Profile piece during his playing days at Idaho State

Maximizing his potential

By Ed Odeven

(Published in the Arizona Daily Sun)

Jared Allen will be the first to admit he’s always had athletic ability, but didn’t always maximize his potential.

His ability has now reached a zenith.

Allen leads all of Division I with 16.5 sacks and is on an incredible tear right now — five consecutive multi-sack games, including four against Eastern Washington on Oct. 4 and 3.5 against Montana two weeks later.

“I’ve really started to come into my own a little bit,” said Allen, who along with 22nd-ranked Idaho State will face No. 20 NAU Saturday at 6:05 p.m. at the Skydome. “I usually was getting by on raw talent and having fun out there. (This year) I really started to work hard in practice and try to develop that talent.”

The senior defensive end is a Buck Buchanan Award candidate, which is issued annually to Division I-AA’s top defensive player. He needs 3.5 sacks to tie the I-AA single-season sack record and five to tie the ISU career record (42.5), which was set by Josh Hays from 1994-96. After sacking Portland State signal-caller Joe Wiser twice last Saturday, Allen tied Hays’ single-season school record.

“Jared’s a young man that’s worked a lot harder this year than he has in the years past,” Bengals coach Larry Lewis said, “and it’s showing up on the field. It’s real important to him and he’s put a lot of effort and time into becoming a good player this year, and every week it becomes more important to him. … Each week, it seems like he’s gotten better and better.”

Allen, a 2000 graduate of Los Gatos (Calif.) High School, gives opposing coaches migraines. He lines up on the left side of the line and on the right side. No matter where he’s playing, there’s one constant that shows up on film: Allen is consistently attacking the quarterback.

“I hope it’s tough,” Lewis said when asked about how teams prepare to contain Allen. “I hope they have to prepare and I hope they have to think about it. That’s kind of the plan going into it is just to make them aware — then it’s going to free somebody else up.”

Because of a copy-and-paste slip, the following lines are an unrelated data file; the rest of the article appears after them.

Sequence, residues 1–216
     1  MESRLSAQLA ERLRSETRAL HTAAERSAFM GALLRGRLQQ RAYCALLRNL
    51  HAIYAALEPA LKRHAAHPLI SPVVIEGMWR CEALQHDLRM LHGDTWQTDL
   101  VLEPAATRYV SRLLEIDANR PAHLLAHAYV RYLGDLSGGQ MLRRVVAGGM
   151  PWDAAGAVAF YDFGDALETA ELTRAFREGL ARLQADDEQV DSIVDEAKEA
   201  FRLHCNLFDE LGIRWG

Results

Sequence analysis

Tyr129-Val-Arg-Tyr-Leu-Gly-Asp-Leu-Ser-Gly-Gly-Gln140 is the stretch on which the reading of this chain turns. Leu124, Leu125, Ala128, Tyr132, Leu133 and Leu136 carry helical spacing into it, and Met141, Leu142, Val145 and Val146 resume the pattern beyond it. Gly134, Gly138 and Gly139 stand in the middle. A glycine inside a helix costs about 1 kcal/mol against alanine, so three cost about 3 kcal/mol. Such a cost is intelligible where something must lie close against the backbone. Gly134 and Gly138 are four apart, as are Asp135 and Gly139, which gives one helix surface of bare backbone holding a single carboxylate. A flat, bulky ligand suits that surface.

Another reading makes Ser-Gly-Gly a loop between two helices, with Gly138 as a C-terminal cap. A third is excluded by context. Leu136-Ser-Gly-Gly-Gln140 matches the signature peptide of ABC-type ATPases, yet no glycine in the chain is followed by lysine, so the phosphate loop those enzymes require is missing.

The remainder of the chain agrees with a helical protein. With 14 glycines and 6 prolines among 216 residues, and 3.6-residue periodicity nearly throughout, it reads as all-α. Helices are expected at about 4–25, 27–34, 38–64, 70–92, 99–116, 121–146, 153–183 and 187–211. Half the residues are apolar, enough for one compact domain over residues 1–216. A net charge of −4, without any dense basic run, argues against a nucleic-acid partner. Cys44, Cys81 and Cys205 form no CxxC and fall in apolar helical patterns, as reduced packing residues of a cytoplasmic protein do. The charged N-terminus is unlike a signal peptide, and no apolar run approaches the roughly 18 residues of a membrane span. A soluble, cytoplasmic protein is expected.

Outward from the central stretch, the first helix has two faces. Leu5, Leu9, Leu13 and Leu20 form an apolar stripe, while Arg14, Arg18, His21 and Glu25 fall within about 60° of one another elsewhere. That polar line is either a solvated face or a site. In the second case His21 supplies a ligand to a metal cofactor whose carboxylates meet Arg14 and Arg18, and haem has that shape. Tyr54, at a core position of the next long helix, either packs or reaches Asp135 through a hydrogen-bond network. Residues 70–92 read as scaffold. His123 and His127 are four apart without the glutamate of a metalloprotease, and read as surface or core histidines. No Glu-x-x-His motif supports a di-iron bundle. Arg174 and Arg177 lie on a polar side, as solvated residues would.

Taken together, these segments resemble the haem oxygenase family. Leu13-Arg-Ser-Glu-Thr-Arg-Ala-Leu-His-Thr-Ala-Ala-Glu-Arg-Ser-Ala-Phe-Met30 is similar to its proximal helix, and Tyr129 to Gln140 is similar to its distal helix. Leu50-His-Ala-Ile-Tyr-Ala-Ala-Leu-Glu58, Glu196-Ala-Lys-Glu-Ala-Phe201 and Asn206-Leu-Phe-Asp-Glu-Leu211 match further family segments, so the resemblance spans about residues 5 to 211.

The 6-foot-6 Allen weighed 275 pounds last year. He’s slimmed down to around 255. Now, he said, he’s more explosive off the ball.

“I’m able to make some plays that I wasn’t able to make last year because I’m faster and stronger,” he admitted. “I’m definitely closer to being the type of player I want to be.”

Like many, Lewis has been impressed with Allen’s pass-rushing prowess this season.

“That’s probably the best thing that he does,” the coach said. “But for any kid, that’s the fun thing to do. Getting double-teamed and all that other stuff, that’s not fun. Rushing the quarterback, that’s always fun.”

Allen also excels at doing the so-called grunt work. He’s the team’s long snapper. In fact, Allen’s ability to snap the football was one factor that prompted Lewis to offer him a scholarship.

“In 23 years of coaching, I’ve never had a better long snapper,” Lewis said.

What’s made Allen such a well-regarded snapper?

Well, he’s been perfecting the craft since he was 8 years old. His father, Ron, a former professional tight end with the Minnesota Vikings and Arizona Wranglers of the defunct USFL, used to have him and his brother practice snapping in their backyard.

It wasn’t like he was forced to rake the leaves at 6:30 in the morning and hated every minute of it. Nope. Allen has grown to love long snapping.

“I definitely take pride in it. It’s something not a lot of people can do,” said Allen, who can accurately snap the ball from 30 yards out. “It’s kind of an overlooked position. But it’s like second nature to me. I’ve worked hard at it. It’s definitely going to help me with my goals to move on to the next level and play ball.”

Indeed, versatile players are enticing to NFL general managers, who must simultaneously deal with free agency and the salary cap while figuring out how to give their team depth. And Allen has had his fair share of attention this season — most of the NFL’s 32 teams have sent a scout to Idaho State practices, and a few, including the Bills, Dolphins, Eagles and Packers, have been there two or more times.

As his college career winds down, Allen has become a defender who commands respect from foes.

“He’s pretty tough to block one-on-one,” NAU coach Jerome Souers said. “We haven’t seen any game where people have answers for him consistently.”

And, naturally, Allen is quite proud of that recognition.

“Your senior year, your last campaign, your last hurrah in college, you always want to go out on top,” the mass communications major said. “I have some personal goals that I wanted to accomplish this year. Through my work ethic this summer, I busted my hump this summer; I was able to accomplish all that.”

Opposing quarterbacks know all about that.